FAIRPORT, N.Y. — There was a startling scene in the normally quiet Watchet Lane neighborhood Tuesday as flames ripped through a home at the end of a Fairport cul-de-sac. Fire officials say it started in the garage and spread fast.

“It’s a two-story, fairly large home,” said Egypt Fire Chief Alex Klimchek. “We had problems with this fire. There’s some fire damage to the neighbor’s house, there’s some melted siding. The woods were on fire behind the house. There’s a gazebo that was fully involved. The fire had a good headway on us."

What You Need To Know

  • A fire in Fairport Tuesday severely damaged the home of the bishop of the Episcopal Diocese of Rochester

  • Bishop Prince Singh managed to safely escape the fire Tuesday afternoon

  • Fire officials say it’s a total loss, but the homeowner has a different take on it

Several fire departments and rescue agencies responded. One person was home at the time.

“It was fortunate he made it out," said Chief Klimchek.

Fire officials say it’s a total loss, but the homeowner has a different take on it.

The man who owns the home and who was inside the house when the blaze started is the presiding bishop of the Episcopal Diocese of Rochester.

Bishop Prince Singh was working from home, on a Zoom call, when he heard a noise from the garage.

“So I opened the garage door and there was fire,” said Bishop Singh. “So then I just closed the door, ran outside, called 911. If I had not gone to see what was going on, I don’t think I’d have been that lucky."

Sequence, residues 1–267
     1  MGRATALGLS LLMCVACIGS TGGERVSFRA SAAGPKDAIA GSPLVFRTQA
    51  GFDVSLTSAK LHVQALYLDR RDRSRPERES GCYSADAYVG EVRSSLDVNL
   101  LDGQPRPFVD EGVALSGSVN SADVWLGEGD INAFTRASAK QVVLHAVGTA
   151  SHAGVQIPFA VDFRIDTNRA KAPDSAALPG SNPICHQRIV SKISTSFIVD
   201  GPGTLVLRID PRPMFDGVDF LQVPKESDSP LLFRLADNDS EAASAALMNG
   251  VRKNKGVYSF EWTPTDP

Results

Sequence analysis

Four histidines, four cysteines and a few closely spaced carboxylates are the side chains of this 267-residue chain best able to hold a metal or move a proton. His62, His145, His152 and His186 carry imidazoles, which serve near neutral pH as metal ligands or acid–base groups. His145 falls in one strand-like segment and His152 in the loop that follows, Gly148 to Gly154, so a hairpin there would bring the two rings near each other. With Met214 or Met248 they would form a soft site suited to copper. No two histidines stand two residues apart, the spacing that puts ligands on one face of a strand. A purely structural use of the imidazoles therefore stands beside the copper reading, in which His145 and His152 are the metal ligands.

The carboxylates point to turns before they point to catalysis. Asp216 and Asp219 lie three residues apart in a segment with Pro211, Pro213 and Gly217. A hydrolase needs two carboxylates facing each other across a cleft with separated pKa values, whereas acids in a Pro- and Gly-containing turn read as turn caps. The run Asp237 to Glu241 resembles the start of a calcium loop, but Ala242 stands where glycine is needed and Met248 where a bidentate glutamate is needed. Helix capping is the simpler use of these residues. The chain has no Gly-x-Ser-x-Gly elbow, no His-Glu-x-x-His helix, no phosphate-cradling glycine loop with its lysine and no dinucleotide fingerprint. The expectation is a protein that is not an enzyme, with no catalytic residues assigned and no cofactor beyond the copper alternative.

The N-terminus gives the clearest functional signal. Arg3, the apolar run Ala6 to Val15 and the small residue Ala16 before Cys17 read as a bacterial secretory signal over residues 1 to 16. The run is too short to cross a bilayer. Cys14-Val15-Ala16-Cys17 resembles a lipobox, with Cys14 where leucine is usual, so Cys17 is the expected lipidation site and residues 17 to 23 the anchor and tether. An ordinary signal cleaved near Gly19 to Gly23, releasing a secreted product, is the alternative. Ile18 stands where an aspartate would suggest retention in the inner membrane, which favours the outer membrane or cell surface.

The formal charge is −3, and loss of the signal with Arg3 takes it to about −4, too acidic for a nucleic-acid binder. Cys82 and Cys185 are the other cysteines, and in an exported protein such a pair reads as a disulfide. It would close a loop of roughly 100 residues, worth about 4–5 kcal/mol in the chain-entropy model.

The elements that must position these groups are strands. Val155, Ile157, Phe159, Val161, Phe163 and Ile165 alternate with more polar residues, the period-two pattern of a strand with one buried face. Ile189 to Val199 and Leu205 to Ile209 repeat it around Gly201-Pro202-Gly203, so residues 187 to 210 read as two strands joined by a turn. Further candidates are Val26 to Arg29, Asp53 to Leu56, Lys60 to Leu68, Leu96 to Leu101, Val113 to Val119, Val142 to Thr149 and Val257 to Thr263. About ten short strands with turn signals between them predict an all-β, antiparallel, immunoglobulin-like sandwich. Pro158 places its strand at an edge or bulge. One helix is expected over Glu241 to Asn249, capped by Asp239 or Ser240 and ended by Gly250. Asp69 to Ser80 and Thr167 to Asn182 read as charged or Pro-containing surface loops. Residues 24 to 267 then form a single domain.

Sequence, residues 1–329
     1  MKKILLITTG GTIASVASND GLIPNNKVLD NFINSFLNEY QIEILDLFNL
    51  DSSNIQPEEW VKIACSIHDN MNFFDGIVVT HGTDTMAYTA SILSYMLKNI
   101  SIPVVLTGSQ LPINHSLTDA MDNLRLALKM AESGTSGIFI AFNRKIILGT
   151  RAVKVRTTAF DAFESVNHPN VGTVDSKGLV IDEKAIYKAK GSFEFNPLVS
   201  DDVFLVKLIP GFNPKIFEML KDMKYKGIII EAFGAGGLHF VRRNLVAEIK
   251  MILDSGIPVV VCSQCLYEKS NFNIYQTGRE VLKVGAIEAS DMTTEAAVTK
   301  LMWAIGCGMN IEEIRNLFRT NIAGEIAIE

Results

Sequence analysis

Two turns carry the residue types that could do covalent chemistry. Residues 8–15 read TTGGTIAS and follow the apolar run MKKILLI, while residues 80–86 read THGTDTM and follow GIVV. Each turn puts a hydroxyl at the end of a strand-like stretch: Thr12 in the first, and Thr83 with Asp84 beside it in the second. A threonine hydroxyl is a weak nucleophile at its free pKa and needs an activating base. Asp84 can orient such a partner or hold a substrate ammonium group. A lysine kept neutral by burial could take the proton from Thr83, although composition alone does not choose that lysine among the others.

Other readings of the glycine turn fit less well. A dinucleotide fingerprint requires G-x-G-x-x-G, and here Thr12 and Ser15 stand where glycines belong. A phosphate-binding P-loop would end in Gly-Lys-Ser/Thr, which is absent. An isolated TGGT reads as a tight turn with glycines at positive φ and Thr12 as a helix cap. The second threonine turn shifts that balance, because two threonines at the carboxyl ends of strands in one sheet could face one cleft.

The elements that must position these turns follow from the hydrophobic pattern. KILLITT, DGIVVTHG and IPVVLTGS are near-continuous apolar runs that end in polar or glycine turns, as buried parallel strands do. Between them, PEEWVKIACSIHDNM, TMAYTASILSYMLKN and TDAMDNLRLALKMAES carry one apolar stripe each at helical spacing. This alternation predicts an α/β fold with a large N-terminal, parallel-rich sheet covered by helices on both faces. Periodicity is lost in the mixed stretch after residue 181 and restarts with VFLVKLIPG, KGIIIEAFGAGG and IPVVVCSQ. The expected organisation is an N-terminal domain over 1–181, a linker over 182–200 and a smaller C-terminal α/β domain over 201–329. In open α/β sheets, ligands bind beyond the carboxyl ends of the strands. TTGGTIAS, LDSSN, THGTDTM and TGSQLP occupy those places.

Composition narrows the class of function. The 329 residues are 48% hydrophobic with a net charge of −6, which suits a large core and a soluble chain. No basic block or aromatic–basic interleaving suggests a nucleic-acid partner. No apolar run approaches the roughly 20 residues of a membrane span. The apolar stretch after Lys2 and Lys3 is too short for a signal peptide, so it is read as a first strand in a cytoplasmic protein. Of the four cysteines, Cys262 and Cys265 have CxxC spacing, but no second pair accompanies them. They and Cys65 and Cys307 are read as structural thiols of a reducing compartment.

Outside, Singh stood by as firefighters doused flames and pulled charred belongings from his home.

The bishop said it was difficult to watch.

"It’s also amazing to see how people help each other,” Singh said. “The human community is so strong because of this kind of reaction. So many neighbors have come over and checked on me to make sure I was okay and people calling constantly to check.”

A laptop and a guitar are the only items salvaged.

“It was a beautiful house, but it was just a house," said Singh.

Without question, it is a glass half full way of thinking. The bishop expressed thanks that no one else was in the house at the time of the blaze and also thanks his community.

“This is true we are actually a community, a beloved community,” said Singh. “And I think there’s goodness in every person. I’ve seen it in the last hour since running out of the house and calling 911, just for the deep compassion people have for each other. So I’m optimistic, even now. It will be okay.”

Singh, on the same day his home burns, is counting his blessings.